The worrying started about a week before my departure, but the anxiety kicked in when my first flight had “maintenance issues.” The 4-hour delay caused me to miss the connections and changed my location for the PM shot of Byetta. I had gotten comfortable with the idea of having to give myself a shot in the airplane’s cramp toilet-room. I would pray that God calm the air waves (like He calmed a raging sea) long enough for me to give myself a shot in a turbulence-free environment.
But, when “shot time” came, I was standing in line with 60 other people hoping to get a seat on a new flight. My options were 1) Get out of line, find a restroom or isolated area to give myself the shot and lose my place in line or 2) Give myself a shot right there in the line.
I chose option #2. I couldn’t risk missing my place in line which could have meant missing the flight. I decided not to look around to see who was looking at me. I just prepared my things, checked my glucose, administered Byetta, put the things away when it was over, and continued to focus on the more pressing issue–securing a seat on the flight. This could have been an empowering moment, but I was in survival mode and that meant an absence of shame.
The next trial came once I arrived in France and sat face-to-face with my first breakfast.
As you can see from the picture, EVERYTHING but the cup of coffee breaks down into sugar. The baguette and the croissant are bread (which carbs turn into sugar), the orange juice is liquid sugar, and the jams are sugar. So, I sat there alone in the restaurant staring at food I can’t eat all at once and feeling my anxiety level rising. It seemed like hours passed.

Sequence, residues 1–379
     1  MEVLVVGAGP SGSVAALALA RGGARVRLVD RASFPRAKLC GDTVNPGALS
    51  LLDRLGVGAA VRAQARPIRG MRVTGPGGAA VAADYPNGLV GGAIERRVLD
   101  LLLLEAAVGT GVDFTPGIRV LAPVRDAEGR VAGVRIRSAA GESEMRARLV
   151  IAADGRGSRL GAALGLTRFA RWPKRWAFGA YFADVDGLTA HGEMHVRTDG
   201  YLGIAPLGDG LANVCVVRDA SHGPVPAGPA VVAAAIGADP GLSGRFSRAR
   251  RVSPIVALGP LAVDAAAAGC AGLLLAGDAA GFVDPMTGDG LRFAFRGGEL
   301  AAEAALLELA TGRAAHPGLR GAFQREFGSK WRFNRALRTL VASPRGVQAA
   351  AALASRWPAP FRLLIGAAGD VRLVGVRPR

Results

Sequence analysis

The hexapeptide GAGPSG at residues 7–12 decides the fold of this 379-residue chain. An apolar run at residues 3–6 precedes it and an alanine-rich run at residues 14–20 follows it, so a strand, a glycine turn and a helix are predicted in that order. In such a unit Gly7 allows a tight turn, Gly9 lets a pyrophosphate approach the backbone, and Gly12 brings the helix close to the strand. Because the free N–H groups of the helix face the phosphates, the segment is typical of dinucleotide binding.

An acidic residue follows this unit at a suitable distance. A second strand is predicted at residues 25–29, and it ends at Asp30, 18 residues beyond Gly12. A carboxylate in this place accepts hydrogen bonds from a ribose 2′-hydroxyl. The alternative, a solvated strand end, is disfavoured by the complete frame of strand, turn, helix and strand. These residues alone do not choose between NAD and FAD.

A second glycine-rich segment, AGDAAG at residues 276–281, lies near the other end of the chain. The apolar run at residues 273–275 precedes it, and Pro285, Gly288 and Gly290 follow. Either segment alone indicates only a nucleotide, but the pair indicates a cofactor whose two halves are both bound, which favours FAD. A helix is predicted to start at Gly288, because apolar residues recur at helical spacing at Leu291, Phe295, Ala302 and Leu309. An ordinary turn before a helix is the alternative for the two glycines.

Finally, I said something in French that I struggle to say in English–“Je suis une diabétique.” I further communicated that I cannot pour sugar into my coffee and the waitress offered me CANDREL. I felt so relieved to discover that she had a sweetener (I could at least drink the coffee and eat the croissant. I left the other items). I made sure to remember the name “Candrel” for rest of my trip.
Overall, I managed to get through the complications of being outside of my comfort zone and daily routine. I have been to Paris before, but never with this many restrictions, exceptions, and concerns. I understand more now why diabetics suffer from depression and anxiety at alarming rates. My mind never seems to rest. I’m always thinking about what I’ve eaten, what I will eat, and what I am going to eat–how many carbs are in the dish(es), how will they effect my glucose, and where will I be when it’s time to give myself the evening shot???
I’ve learned that this leads to “Diabetes Burnout: a common state of mind that can be triggered if you feel overwhelmed, scared, or discouraged by the demands of managing your health” (Outsmart Diabetes Prevention Guide). My goal is to avoid burnout, but I can tell already that this will not be an easy task.
Here’s a picture of me and my new best friend–MY GLUCOMETER (Blood Glucose Monitoring System). I’m sure I’ll have a nickname for it very soon.